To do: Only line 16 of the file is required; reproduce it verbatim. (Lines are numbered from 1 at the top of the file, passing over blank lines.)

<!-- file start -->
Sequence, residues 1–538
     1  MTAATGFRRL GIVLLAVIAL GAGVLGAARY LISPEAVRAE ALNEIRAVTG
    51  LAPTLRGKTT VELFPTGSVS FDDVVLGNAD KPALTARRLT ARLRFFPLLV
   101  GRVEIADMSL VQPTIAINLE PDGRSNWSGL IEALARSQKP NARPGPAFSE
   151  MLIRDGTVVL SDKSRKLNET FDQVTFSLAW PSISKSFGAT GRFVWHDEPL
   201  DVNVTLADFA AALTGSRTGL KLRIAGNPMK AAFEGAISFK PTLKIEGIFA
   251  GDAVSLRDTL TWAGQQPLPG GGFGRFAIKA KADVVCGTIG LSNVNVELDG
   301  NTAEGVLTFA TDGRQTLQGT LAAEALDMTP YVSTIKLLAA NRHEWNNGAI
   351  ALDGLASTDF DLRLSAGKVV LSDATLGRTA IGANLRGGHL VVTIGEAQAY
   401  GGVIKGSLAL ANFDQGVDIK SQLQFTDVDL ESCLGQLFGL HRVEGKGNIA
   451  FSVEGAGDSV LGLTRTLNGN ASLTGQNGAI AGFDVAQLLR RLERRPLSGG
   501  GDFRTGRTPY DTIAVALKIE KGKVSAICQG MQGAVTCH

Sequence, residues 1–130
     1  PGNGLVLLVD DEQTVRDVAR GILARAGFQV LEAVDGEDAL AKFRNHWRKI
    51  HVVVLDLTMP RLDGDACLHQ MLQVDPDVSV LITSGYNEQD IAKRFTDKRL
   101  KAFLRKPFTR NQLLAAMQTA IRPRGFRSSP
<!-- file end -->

   101  KAFLRKPFTR NQLLAAMQTA IRPRGFRSSP